Before leaving the town of the program you are considering, take a quick spin around the area to learn more about what off-campus food and grocery store options are available to you. Are there familiar, go-to food spots that you know can safely accommodate your gluten-free diet? Are there grocery stores with a wide range of gluten-free options? How far are these options from the campus?

You may also want to ask current students living with celiac disease about what options are available off campus and what places they recommend that can safely provide gluten-free foods.

Learning about off-campus food and grocery store options may be helpful for when you and your friends want to explore the town's food scene, supplement your on-campus meals with gluten-free snacks or decide to live off-campus.

4. Get in touch with Accessibility Services on campus

Accessibility Services can help advocate for students and provide supports to ensure students have a safe post-secondary experience. Below are some examples of supports that they may offer for students living with celiac disease:

  • Academic supports and accommodations in the event that you have an accidental gluten exposure that impacts your studies.
  • Your own room with its own fridge or microwave. That way, you do not have a roommate bringing gluten-containing food into the room.
  • Parking on campus so you can drive to get the gluten-free groceries you need if they are not available on campus.

Get in touch with Accessibility Services early on to determine what medical information they will need from you, what forms you will need to fill out and the specific deadlines you will need to meet in order to receive accommodations.

5. Become familiar with campus mental health services

Following a strict gluten-free diet can be socially isolating and can sometimes lead to feelings of anxiety and depression, which may affect your academic life. Research what mental health services are provided at your top post-secondary choices and how these institutions help people who may be struggling. You may want to ask questions about these services while attending a tour or orientation session. These are some questions you may want to ask:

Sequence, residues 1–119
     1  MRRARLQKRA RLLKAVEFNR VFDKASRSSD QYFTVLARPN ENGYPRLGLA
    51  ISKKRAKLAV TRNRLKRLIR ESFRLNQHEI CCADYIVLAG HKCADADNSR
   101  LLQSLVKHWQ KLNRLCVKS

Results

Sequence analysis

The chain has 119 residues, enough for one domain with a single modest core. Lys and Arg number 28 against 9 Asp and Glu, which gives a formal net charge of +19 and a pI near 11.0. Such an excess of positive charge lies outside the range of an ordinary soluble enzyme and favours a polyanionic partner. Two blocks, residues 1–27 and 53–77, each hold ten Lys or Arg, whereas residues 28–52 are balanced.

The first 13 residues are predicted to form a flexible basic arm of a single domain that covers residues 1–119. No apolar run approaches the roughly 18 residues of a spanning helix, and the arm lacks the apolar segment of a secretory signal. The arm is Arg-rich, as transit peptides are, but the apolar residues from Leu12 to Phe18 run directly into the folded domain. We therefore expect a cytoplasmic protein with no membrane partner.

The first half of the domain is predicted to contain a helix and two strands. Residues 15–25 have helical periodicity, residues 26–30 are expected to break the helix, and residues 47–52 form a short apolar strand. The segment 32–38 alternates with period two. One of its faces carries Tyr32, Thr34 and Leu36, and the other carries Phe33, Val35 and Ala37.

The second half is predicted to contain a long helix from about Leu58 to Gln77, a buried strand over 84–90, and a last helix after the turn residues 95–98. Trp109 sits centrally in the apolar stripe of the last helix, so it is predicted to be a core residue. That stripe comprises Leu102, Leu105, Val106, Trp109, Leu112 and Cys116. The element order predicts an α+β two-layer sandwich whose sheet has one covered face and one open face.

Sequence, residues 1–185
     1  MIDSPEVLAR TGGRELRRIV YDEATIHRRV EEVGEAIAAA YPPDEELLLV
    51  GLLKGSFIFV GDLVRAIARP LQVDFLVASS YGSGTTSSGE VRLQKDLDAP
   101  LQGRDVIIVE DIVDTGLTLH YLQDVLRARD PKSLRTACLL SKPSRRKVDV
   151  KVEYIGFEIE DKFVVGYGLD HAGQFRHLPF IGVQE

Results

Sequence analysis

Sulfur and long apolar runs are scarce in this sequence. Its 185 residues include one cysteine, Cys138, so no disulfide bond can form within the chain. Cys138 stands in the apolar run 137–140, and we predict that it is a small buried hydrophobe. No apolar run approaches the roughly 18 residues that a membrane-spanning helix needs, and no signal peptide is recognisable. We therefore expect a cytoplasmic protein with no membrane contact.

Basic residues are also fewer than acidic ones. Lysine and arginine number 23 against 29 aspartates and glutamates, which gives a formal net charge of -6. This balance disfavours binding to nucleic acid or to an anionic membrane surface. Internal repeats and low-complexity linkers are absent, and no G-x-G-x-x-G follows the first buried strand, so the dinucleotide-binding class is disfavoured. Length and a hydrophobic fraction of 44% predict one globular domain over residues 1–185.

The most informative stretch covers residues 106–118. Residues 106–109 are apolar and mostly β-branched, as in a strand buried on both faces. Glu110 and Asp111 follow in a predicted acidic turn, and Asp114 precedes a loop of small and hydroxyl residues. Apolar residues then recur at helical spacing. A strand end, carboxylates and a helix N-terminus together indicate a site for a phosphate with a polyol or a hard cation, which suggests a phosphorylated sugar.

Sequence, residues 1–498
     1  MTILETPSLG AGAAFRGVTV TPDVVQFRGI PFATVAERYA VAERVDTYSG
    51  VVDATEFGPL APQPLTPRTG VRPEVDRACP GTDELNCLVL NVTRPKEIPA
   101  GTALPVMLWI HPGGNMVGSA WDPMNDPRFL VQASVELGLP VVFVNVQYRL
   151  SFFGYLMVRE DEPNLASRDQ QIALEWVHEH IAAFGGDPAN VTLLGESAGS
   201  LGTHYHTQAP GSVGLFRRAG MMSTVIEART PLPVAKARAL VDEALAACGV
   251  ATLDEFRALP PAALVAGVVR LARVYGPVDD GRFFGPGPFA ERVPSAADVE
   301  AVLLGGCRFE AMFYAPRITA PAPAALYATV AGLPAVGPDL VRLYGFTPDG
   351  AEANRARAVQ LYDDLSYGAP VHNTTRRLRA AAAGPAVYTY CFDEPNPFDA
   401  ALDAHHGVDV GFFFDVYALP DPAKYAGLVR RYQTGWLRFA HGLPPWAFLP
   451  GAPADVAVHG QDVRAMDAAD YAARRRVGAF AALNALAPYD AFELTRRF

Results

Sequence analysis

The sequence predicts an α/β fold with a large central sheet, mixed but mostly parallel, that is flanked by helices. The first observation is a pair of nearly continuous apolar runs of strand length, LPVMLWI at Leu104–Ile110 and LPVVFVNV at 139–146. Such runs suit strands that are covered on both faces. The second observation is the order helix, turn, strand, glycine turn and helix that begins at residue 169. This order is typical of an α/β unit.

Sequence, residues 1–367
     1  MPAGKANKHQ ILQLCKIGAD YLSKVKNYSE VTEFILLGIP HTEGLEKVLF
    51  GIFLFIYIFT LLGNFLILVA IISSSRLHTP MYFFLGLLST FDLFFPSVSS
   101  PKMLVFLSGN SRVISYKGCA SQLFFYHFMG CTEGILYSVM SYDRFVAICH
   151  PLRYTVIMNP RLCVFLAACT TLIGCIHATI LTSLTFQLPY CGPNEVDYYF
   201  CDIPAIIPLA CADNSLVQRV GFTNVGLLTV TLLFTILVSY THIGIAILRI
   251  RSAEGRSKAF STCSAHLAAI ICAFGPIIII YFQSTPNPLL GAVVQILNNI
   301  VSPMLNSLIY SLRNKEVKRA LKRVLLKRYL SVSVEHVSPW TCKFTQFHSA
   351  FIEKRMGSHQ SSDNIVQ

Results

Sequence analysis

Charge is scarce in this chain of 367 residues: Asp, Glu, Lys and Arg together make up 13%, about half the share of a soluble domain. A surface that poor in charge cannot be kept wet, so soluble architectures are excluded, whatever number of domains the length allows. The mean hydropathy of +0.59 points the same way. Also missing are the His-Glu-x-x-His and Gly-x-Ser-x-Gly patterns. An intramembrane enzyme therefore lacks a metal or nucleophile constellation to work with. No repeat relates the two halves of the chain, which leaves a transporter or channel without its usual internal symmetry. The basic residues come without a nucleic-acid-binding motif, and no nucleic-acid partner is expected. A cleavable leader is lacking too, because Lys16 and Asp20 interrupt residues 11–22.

• What mental health services are available?
  • How does your institution support people who may be struggling with stress, mental health or health conditions?
  • What is the process to receive mental health services?
  • How many mental health counsellors are available on campus?

In addition to asking questions during a tour or orientation session, get in touch with current students living with celiac disease to ask more specific questions about mental health and well-being supports for people living with a dietary restriction. You may want to ask:

  • Are there any celiac disease or gluten-free clubs or support groups on campus?
  • What do you do when you are struggling with managing celiac disease, the gluten-free diet and school?
  • What is your experience like with receiving academic accommodations for when you are accidentally exposed to gluten? What does this look like? How do you get these accommodations?

Starting early on your post-secondary program research and asking important questions are key to making the best-informed decision on which program to enroll in. Weigh each program's pros and cons before you make your final decision.

Last updated: October 11th 2023